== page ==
Oct 23, 2008: Fall Colors

News from Here

We've been celebrating fall by giving away deliciously tart and pesticide-free locally-grown apples.

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  • Oyster Fan on

    It’s pretty easy to identify chanterelles… there’s a false chanterelle, which is toxic, but the real chanterelles are distinctive. You should take advantage of your access to free mushrooms, and buy an illustrated mushroom guide!
    The Olympics are incredibly rugged. My cousin and I once did The Brothers as a day hike… it took us 12 hours and I was in tears by the end but we made it. Of course, if there wasn’t a paved road allowing us to climb most of the mountain in a car, it would have taken us a week.
    We’ll actually be in Seattle this weekend for the Flying Fish oyster frenzy. It’s an amazing event. We, and the numerous other oyster growers that attend, will serve 100 dozen oysters EACH within four hours. It really is a frenzy.

  • Bruce on


    It has been a long week and we are really looking forward to being on the 12:20 Fauntleroy ferry heading to Frenchman’s Cove this afternoon. Fall colors advance quickly in the Pacific Northwest and it should be beautiful as your pix suggest. I was in The Bay Area this week and at 80 degrees it was more like summer there. I even saw hummingbirds in the trees at the Marriott in Pleasanton!

    Our apples in the 100 year old orchard are about finished. Same deal…no pesticides but those old trees produce some wonderful fruit. Sue and I envy your Chantrelle gathering prowess. We are chicken to pick and eat them fearing we will get some other variety. We see what we are pretty sure are Chantrelles; however we have not had anyone to lead us by the hand into the woods and give us a picking lesson. So far the Chantrelles we have had have come from the Pike St Market @ $9 a pound. But we do have our huckleberries. It takes Sue literally hours to clean those little rascals.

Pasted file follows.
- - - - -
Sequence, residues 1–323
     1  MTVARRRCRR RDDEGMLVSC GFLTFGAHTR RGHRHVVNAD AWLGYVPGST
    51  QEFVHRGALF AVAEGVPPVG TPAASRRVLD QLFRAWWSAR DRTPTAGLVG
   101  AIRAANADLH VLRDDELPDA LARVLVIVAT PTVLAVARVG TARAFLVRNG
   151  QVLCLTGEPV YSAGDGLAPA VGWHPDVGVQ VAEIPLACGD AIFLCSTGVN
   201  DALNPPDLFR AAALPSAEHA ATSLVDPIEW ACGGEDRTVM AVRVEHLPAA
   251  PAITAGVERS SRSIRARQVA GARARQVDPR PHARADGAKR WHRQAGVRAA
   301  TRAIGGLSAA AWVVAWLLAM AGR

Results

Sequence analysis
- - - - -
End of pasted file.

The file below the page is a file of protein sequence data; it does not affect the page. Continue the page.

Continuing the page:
I have to mention I saw your oyster farm from about 8,000 feet on Wed. afternoon heading to California. It was a perfectly crystal clear afternoon and as the plane headed south out of SeaTac, we veered southwest over Gig Harbor gaining altitude. Sitting on the right side of the plane, I could see the entire Puget Sound region. Spectacular view. We flew a bit south of the “hook” of Hood Canal. I saw your tideland area, and traced the canal north seeing Frenchman’s Cove, Seabeck, Dabob Bay and all the way up to Port Townsend. Bremerton and Silverdale were right in front of me as well. At the same time I could see all the way to the Pacific Ocean. The view was like this only with no clouds and I had a much larger field of vision:


    It was facsinating to see how rugged the Olympic range is and I did not realize how far back The Brothers and the other peaks are from the canal. Puget Sound is something to behold on a clear fall day from the comfort of a 737.

    Low tides in the morning this weekend so grilled oysters from our tidelands will be on the lunch menu Saturday and Sunday.

    Have a great weekend in Lilliwaup!


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